Facebook Unveils Messaging App for Kids to Pursue Younger Users
(Bloomberg) -- Facebook Inc. unveiled a new version of its Messenger app for children, opening up a new front in its battle for younger users with Snap Inc.
Unlike Facebook’s regular apps or its Instagram photo-sharing service, Messenger Kids doesn’t require users to be 13 years old. Instead, parents have full control over their children’s contact list and the app doesn’t require users to have their own Facebook account.
The move opens up a new way for Facebook to compete with Snap’s disappearing-photo and chat app, which is popular among younger teenagers. Screenshots of the new product in a Facebook blog post show kids video-chatting with one another using filters such as animal ears and face paint, features that are already highly popular with older users on Snapchat and Instagram.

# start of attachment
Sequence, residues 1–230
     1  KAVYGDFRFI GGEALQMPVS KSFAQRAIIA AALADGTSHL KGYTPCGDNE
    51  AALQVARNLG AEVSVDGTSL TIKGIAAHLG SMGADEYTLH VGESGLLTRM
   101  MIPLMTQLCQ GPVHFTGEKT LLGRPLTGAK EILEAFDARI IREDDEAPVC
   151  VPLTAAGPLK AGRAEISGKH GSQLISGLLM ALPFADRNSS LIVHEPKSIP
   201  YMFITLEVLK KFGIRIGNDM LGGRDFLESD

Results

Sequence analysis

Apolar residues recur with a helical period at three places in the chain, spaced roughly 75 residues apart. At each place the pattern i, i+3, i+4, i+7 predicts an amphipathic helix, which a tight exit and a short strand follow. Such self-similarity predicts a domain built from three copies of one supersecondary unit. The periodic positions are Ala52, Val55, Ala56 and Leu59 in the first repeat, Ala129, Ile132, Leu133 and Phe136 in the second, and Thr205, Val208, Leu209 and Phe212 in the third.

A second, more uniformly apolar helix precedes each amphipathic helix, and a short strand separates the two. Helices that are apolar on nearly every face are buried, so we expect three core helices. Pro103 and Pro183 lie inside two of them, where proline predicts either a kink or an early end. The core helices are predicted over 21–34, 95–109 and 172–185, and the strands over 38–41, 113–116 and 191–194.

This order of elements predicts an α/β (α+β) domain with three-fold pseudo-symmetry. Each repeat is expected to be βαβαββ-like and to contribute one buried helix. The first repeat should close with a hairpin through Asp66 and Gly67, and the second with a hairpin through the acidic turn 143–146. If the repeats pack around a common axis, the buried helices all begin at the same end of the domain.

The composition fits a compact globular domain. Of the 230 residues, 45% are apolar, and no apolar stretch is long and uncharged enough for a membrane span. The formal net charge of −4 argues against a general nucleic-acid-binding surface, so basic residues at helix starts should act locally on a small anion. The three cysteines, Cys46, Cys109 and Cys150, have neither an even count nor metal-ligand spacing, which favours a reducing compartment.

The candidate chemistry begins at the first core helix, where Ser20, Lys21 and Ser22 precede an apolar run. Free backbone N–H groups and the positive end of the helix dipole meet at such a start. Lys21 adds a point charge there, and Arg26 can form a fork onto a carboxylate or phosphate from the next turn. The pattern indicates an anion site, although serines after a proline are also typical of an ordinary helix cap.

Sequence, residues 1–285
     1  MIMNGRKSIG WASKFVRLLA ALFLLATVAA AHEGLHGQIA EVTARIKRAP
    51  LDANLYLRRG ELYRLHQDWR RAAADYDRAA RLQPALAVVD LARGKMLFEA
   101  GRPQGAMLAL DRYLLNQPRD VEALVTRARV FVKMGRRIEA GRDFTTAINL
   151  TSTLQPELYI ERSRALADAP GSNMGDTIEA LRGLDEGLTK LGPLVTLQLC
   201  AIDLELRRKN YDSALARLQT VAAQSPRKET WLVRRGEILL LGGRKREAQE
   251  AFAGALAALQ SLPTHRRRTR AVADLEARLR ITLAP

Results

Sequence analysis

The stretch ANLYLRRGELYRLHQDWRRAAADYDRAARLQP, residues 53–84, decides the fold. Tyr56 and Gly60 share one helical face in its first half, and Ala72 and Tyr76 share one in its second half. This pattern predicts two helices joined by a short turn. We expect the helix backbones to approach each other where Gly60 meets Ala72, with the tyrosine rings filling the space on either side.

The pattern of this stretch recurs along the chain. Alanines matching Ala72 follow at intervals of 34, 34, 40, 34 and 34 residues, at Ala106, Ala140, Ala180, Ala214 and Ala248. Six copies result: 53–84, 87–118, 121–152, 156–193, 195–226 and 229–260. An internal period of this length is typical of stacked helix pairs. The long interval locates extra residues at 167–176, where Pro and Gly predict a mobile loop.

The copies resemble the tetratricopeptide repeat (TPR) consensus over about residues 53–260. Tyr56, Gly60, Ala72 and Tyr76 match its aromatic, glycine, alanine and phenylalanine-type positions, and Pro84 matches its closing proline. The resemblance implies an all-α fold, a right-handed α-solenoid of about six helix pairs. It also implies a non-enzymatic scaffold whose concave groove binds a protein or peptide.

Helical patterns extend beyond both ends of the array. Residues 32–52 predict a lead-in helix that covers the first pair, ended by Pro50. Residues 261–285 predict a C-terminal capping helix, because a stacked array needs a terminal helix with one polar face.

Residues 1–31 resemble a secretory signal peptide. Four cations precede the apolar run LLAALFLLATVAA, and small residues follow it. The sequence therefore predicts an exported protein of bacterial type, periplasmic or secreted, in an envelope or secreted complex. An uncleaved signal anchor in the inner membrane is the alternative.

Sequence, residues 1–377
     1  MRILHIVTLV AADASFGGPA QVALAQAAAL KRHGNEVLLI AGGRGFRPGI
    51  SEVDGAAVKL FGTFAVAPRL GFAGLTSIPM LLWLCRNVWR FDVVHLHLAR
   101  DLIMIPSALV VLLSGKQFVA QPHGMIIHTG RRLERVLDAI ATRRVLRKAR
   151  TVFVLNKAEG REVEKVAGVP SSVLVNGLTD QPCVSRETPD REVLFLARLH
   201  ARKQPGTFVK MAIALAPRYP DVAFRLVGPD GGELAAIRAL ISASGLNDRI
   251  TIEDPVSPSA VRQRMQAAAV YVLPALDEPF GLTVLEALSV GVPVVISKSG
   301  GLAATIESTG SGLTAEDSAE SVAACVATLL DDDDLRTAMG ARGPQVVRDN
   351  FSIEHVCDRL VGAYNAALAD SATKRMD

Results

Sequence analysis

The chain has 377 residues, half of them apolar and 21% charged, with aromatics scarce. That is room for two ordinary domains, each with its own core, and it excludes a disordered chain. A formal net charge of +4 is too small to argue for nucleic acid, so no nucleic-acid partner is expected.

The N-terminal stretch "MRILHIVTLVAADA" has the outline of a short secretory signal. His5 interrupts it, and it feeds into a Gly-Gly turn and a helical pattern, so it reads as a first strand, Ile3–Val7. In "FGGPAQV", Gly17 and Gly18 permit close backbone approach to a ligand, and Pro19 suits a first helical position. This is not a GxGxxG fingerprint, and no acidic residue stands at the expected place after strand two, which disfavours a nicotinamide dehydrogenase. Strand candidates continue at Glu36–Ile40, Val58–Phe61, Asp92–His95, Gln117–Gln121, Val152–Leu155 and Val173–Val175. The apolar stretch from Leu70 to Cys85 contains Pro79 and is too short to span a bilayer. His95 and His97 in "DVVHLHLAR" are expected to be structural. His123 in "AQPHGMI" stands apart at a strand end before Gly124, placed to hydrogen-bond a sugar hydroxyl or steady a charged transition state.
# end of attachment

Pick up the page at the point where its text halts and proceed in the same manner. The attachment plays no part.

The app also taps into concerns parents have about their children being exposed to bullying, and inappropriate content on the internet. Kik, a messaging app that was popular with children and teenagers because it didn’t require a phone number to use, has been criticized for not doing enough to stop child exploitation and harassment. The Messenger Kids app won’t have ads, Facebook said, allaying concerns children might see advertisements that aren’t age-appropriate, something Alphabet Inc.’s YouTube has struggled with before.
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